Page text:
Up to Snuff #133: What is Literature?

By, Afua Serwah Osei-Bonsu

When looking at literature and qualifying writings or looking generally for “literariness,” what is literature?

What often qualifies as literature is the use of formal elements such as literary devices.  It may appear that it was made for teaching or exemplifying in its use of literary device, such as that of Shakespeare and the example of alliteration.  Another trait that literature has is its attention to its own form, a kind of “self- consciousness.”  Literature is said to be something then, that is meant to be read closely.  It is also something meant to be “laboriously analyzed.”  Text is said to me made of “forms, words and devices.”  Literature is meant for a closeness that is necessary for understanding.  Literature is supposed to be what makes great text.  All of the elements are supposed to work together to make its text whole.  Comparison in literature is supposed to measure up to literary canon.  Where the canon is what has been accepted as great literature, and is as solemn, principled, or holy as “bread and wine.”  Canon was meant to raise the bar and create a standard.  It may come from the old medieval war cannons and the idea of “living under rule.”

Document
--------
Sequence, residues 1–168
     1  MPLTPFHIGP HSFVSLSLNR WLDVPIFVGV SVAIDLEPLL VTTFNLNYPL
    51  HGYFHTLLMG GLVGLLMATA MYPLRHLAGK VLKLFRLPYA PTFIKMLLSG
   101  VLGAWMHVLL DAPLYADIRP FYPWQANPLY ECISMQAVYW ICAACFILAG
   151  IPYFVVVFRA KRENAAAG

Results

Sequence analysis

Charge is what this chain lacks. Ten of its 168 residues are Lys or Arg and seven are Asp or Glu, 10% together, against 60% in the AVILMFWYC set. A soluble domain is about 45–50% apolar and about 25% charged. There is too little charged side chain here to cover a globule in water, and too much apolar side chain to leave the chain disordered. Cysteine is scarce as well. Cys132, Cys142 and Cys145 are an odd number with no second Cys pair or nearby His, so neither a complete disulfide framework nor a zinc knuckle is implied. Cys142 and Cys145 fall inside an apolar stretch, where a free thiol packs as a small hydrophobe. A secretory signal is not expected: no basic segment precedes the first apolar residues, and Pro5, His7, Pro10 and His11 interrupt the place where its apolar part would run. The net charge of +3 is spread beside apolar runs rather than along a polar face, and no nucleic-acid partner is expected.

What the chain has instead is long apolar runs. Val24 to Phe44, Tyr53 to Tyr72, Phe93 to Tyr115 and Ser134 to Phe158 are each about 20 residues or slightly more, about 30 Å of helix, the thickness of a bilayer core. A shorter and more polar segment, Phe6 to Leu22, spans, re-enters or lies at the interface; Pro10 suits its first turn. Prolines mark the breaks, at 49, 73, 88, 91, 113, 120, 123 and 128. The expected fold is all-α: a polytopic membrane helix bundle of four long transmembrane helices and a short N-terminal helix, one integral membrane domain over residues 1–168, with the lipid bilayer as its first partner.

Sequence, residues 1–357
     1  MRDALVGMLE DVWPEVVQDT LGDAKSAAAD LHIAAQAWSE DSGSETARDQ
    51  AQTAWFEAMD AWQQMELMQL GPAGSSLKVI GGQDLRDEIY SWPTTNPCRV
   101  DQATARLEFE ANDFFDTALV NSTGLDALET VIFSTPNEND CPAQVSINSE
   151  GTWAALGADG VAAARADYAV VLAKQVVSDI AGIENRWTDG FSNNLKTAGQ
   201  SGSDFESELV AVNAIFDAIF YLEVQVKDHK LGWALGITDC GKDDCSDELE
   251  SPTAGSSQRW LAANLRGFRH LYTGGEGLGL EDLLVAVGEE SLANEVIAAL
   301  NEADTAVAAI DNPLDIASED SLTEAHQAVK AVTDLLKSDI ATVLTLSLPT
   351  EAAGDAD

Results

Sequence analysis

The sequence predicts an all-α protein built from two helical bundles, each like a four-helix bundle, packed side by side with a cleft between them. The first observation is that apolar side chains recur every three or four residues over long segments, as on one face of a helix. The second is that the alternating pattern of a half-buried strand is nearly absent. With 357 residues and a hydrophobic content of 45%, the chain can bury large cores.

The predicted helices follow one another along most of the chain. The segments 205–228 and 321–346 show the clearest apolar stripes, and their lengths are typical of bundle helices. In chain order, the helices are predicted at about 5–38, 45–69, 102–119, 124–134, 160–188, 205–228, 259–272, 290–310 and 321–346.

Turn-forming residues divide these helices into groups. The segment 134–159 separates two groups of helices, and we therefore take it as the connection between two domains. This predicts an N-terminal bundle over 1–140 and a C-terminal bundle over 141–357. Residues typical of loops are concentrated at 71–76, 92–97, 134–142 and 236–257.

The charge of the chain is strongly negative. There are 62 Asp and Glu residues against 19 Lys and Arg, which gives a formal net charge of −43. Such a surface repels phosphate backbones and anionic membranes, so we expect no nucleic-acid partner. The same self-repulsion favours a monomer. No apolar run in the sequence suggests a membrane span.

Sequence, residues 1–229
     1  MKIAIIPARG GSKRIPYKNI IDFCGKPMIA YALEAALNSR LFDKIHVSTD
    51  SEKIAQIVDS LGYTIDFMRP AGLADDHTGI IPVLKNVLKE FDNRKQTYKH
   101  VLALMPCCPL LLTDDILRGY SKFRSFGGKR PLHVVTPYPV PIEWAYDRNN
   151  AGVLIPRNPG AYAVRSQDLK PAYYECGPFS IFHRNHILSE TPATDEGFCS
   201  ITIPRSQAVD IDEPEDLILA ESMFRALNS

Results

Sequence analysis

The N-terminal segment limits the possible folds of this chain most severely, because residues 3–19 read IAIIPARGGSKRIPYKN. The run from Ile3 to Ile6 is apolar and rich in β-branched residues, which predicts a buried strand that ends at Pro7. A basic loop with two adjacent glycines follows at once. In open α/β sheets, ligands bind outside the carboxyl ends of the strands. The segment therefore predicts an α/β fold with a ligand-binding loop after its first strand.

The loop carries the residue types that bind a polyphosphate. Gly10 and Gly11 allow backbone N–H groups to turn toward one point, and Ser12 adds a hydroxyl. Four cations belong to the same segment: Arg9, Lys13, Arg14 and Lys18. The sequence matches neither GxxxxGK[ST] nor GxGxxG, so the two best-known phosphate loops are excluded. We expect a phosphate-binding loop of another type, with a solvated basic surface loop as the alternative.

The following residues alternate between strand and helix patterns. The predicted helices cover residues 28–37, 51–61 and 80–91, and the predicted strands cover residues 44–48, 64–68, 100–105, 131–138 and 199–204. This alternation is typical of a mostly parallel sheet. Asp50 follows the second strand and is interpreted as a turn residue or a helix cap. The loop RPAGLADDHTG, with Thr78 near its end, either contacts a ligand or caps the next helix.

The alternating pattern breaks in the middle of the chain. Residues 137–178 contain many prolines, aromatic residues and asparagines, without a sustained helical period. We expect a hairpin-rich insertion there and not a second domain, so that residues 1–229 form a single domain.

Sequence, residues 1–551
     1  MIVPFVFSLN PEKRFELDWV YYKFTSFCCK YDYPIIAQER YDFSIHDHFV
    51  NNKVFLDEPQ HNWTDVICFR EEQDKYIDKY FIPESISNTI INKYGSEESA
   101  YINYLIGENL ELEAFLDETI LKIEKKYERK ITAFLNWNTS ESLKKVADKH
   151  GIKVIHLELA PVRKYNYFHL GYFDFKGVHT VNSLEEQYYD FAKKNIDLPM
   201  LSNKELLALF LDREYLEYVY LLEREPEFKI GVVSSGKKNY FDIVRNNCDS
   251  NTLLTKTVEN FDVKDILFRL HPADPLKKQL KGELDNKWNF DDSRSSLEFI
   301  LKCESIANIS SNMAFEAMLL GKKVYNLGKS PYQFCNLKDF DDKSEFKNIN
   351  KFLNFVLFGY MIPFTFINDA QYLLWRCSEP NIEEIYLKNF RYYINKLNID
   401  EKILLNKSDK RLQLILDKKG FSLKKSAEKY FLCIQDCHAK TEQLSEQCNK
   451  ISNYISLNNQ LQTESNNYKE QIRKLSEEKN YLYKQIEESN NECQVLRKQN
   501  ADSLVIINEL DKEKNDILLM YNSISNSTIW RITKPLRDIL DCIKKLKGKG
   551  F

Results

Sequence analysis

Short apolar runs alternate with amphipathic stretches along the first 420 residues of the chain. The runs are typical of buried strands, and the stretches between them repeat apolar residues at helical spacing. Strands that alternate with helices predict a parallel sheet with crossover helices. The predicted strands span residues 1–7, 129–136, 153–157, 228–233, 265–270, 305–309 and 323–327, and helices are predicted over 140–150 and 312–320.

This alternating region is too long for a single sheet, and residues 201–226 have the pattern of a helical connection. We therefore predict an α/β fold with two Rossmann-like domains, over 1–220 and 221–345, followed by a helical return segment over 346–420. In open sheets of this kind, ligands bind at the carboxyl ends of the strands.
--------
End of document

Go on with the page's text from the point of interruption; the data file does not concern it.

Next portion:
Works cited:

Lit 200 Module Two Lecture Notes, Southern New Hampshire University, 2021

Merriam Webster’s Collegiate Dictionary, Eleventh Edition

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